‘I was going to have to do all I could to get here’: NCU student’s scholarships pay off

EUGENE, Ore. – Graduation is Saturday at Northwest Christian University. It’s an exciting time, but for many it means the beginning of paying off debt.

Unlike many students leaving a private university, one graduate is leaving with a debt amount lower than the cost of a new car.

Sherry Reeder will teach after graduation.

Sherry Reeder plans to teach after graduation.

Sherry Reeder had a dream of going to Northwest Christian University to pursue a career in education, but there was one thing standing in her way – the cost of tuition.

“Tuition for this coming fall is $28,500 and room and board is about $8,800 for the year. So it’s kind of in the mid-30s total,” said Jocelyn Hubbs,

“It was a little hard to see a number that was a little abstract and seemed out of my budget range,” Reeder said. “But I didn’t want money to be a reason that I didn’t go to the school of my dreams.”

Reeder said she and her family didn’t have much money to pay for college.

“So I knew that if I wanted to go to college, which I did, I knew I was going to have to do all I could to get here,” Reeder said.

So, near the end of her high school career, Reeder got to work.

“My best friend, she did a thing called scholarship Monday where every Monday she applied for one scholarship from $100 to $1,000, whatever the limit was just to start bringing in the money if she could,” Reeder said.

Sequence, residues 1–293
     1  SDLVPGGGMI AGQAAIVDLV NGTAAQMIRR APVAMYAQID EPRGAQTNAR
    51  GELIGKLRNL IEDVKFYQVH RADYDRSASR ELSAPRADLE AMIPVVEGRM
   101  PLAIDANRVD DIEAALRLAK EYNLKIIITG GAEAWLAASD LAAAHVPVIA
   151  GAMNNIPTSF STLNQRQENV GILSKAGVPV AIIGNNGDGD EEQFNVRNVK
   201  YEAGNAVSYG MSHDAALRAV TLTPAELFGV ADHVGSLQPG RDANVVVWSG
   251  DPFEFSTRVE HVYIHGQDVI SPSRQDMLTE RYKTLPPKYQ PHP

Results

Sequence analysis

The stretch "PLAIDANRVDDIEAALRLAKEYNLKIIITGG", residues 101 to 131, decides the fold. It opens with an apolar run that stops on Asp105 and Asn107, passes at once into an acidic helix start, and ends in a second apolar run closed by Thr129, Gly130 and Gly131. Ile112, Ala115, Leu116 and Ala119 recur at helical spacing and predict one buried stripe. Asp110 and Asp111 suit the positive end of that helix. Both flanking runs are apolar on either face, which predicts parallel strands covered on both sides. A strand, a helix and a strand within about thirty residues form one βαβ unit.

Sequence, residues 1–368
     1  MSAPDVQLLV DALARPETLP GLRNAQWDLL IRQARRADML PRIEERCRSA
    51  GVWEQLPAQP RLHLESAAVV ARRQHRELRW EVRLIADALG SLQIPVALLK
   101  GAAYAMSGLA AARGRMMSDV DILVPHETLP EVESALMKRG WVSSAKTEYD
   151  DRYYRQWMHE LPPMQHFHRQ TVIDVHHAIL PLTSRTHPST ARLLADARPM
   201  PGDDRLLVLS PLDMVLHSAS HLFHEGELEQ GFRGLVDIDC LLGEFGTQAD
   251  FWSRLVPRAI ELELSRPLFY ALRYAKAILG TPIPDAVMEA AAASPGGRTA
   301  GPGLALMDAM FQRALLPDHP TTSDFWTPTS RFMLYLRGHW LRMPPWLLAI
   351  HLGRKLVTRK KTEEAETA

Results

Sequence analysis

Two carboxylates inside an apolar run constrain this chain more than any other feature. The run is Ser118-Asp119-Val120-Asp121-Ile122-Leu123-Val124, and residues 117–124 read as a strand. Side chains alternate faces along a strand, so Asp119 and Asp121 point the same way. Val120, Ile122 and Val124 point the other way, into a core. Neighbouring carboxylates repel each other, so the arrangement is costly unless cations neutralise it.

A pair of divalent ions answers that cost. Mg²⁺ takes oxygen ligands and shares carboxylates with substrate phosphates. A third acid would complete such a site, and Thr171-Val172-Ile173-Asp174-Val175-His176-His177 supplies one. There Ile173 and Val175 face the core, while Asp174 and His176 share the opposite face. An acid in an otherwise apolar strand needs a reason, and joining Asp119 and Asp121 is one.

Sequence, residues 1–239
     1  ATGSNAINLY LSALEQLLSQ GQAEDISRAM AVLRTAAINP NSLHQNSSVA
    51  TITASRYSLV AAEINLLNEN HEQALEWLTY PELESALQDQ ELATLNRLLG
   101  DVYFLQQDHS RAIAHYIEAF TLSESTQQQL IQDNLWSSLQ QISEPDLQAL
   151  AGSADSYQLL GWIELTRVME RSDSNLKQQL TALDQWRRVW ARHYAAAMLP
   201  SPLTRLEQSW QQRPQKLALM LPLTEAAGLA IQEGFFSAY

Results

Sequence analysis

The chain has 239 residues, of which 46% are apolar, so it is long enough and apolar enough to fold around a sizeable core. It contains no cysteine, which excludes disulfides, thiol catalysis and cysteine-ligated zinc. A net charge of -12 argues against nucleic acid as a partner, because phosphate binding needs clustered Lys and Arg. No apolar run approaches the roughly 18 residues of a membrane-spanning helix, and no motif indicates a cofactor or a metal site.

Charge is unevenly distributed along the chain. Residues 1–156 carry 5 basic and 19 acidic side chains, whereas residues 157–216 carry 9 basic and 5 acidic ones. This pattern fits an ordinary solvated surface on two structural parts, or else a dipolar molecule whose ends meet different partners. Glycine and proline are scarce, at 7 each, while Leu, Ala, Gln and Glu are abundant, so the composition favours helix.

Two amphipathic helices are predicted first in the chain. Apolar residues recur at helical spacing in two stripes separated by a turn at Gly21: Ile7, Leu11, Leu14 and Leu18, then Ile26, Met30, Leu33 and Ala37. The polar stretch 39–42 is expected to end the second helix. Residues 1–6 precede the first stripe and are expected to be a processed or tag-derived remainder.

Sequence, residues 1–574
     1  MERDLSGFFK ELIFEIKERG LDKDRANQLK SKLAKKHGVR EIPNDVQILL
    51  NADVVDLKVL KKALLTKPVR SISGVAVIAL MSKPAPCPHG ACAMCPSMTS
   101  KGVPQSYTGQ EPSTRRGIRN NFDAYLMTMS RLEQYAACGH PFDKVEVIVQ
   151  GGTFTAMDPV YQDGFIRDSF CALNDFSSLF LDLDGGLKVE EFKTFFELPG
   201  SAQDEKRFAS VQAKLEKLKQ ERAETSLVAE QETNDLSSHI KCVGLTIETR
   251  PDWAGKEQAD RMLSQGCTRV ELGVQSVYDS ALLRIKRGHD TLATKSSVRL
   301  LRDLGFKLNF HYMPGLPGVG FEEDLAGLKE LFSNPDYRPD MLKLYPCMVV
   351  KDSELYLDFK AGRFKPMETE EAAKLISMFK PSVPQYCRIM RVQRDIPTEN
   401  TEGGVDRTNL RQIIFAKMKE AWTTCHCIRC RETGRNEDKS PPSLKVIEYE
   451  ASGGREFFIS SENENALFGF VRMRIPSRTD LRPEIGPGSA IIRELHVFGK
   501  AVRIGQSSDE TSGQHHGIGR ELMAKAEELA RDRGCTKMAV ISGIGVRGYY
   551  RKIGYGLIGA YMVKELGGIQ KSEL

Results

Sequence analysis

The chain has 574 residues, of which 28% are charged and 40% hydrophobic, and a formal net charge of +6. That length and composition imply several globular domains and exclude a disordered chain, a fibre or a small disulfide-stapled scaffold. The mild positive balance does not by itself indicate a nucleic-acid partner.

But it wasn’t easy.

“There were a lot of times I applied for a scholarship and didn’t get it. Or applied for something and wasn’t awarded it and I didn’t let that be the reason that I didn’t keep trying,” she said.

“A lot of students don’t do that. The follow through is hard and we get that and we understand that it’s a lot of work, but there is a benefit to it,” Hubbs said.

Reeder started to see that benefit and her dream became a reality.

“Slowly but surely those scholarships started coming in and over time it quantified to being enough to graduate,” she said.

Reeder said her education would have cost her around $130,000. But she’ll walk on graduation day Saturday with a college debt less than $10,000.

Her advice to high school students and incoming college students is don’t let the price tag scare you.

“I would say the money is out there if you’re dedicated look for it – scholarship Monday or whatever your influence on how you get the money,” Reeder said. “Just don’t give up and keep going and don’t let money be the reason you don’t go to your dream school.”

Reeder said she looks forward to beginning her career in education soon without the worry of extensive student debt.

NCU officials say there are plenty of opportunities for scholarships and grants. Students can find more information at workshops the school holds every week.

Source: ‘I was going to have to do all I could to get here’: NCU student’s scholarships pay off as broadcast and posted by KMTR News Channel 16.

Broadcast May 4, 2016 By Jessica Waite

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